Document Type


Publication Date


Published In

The American Naturalist


Social behaviors vary among individuals, and social networks vary among groups. Understanding the causes of such variation is important for predicting or altering ecological processes such as infectious disease outbreaks. Here, we ask whether age contributes to variation in social behavior at multiple levels of organization: within individuals over time, among individuals of different ages, among local social environments, and among populations. We used experimental manipulations of captive populations and a longitudinal dataset to test whether social behavior is associated with age across these levels in a long-lived insect, the forked fungus beetle (Bolitotherus cornutus). In cross-sectional analyses, we found that older beetles were less connected in their social networks. Longitudinal data confirmed that this effect was due in part to changes in behavior over time; beetles became less social over 2 years, possibly because of increased social selectivity or reproductive investment. Beetles of different ages also occupied different local social neighborhoods. The effects of age on behavior scaled up: populations of older individuals had fewer interactions, fewer but more variable relationships, longer network path lengths, and lower clustering than populations of young individuals. Age therefore impacted not only individual sociality but also the network structures that mediate critical population processes.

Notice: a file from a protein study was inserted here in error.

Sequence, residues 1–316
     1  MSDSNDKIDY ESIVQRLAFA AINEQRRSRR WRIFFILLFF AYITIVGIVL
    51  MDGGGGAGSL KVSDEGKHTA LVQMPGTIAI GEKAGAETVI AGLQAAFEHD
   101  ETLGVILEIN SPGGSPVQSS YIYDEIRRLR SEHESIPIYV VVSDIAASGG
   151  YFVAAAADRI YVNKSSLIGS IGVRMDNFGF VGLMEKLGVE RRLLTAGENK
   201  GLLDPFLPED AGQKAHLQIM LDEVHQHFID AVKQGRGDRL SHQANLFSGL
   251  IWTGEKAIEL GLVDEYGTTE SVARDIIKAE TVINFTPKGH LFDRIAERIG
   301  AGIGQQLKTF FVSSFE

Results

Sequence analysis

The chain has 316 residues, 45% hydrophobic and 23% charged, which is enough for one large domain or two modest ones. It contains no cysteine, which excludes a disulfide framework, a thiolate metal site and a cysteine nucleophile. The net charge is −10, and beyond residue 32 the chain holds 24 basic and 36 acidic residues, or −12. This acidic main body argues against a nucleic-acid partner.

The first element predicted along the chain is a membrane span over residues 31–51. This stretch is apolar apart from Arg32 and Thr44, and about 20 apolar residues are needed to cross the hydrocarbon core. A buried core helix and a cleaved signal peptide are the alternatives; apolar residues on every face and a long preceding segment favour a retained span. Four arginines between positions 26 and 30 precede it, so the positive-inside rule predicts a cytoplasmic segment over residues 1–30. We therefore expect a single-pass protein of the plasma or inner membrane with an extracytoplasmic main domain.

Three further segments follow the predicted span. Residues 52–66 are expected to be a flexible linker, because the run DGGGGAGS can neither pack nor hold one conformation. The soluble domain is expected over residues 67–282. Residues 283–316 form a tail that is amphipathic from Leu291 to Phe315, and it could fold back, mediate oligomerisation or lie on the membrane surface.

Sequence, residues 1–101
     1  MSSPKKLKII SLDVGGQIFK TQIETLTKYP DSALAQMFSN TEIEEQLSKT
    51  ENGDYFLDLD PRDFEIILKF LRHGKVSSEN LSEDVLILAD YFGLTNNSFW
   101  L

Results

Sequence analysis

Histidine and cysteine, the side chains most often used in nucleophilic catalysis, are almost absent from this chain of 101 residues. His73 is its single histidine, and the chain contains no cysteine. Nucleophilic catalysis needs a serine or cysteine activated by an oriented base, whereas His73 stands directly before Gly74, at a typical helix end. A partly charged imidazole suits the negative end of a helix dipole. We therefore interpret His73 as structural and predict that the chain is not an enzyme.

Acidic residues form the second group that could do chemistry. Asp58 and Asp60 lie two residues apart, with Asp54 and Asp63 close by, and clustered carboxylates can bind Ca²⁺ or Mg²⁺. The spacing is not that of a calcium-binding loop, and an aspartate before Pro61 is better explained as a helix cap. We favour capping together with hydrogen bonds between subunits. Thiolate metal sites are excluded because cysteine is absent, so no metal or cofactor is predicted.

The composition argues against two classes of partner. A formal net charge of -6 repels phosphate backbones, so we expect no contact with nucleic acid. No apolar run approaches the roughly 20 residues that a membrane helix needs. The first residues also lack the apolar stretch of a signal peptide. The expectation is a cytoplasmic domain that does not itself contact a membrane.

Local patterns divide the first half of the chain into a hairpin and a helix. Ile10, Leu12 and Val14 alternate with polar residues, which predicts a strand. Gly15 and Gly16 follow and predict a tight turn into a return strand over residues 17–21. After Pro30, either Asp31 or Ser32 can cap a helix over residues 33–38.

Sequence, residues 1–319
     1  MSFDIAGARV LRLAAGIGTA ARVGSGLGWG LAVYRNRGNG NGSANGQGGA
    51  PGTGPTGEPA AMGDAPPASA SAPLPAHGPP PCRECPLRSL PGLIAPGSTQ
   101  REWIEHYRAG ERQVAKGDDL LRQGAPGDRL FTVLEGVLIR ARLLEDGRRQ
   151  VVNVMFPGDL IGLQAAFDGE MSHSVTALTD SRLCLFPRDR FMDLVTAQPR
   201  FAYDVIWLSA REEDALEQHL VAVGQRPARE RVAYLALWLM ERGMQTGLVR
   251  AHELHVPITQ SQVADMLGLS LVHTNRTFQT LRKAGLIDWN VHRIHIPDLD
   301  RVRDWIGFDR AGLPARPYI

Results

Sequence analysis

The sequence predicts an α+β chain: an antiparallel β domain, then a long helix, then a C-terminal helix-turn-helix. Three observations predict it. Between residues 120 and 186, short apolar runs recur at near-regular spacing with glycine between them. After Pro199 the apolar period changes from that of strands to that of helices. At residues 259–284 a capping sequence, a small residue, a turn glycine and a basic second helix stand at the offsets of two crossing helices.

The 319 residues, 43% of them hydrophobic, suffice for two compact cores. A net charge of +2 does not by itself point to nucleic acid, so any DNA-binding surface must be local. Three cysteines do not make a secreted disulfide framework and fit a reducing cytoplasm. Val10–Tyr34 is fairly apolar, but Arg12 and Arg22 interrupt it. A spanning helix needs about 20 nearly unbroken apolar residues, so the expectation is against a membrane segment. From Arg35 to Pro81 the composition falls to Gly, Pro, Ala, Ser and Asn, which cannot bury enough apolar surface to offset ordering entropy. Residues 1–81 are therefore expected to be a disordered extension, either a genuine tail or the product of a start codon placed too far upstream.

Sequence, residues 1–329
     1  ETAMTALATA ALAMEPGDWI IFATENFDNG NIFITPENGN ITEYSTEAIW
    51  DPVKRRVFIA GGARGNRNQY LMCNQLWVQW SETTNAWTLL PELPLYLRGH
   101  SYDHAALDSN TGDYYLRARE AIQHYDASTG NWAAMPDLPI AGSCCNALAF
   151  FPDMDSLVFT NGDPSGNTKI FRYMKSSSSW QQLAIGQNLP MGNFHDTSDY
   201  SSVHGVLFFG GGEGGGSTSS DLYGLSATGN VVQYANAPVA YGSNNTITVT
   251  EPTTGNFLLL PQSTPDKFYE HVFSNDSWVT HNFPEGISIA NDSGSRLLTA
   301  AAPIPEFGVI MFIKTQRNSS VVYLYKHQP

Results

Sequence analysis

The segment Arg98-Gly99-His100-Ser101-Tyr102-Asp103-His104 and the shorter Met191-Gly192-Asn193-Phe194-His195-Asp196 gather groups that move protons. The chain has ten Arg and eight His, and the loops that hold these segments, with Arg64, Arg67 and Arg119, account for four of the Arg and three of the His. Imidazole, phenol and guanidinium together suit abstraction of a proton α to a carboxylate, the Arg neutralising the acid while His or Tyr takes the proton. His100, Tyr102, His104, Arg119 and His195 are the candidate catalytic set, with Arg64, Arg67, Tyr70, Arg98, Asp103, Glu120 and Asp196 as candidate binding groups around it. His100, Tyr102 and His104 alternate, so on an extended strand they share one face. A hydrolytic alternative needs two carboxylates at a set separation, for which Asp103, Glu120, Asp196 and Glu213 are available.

age, age structure, social behavior, animal social networks


This work is freely available courtesy of University of Chicago Press.

Available for download on Sunday, December 01, 2024

Included in

Biology Commons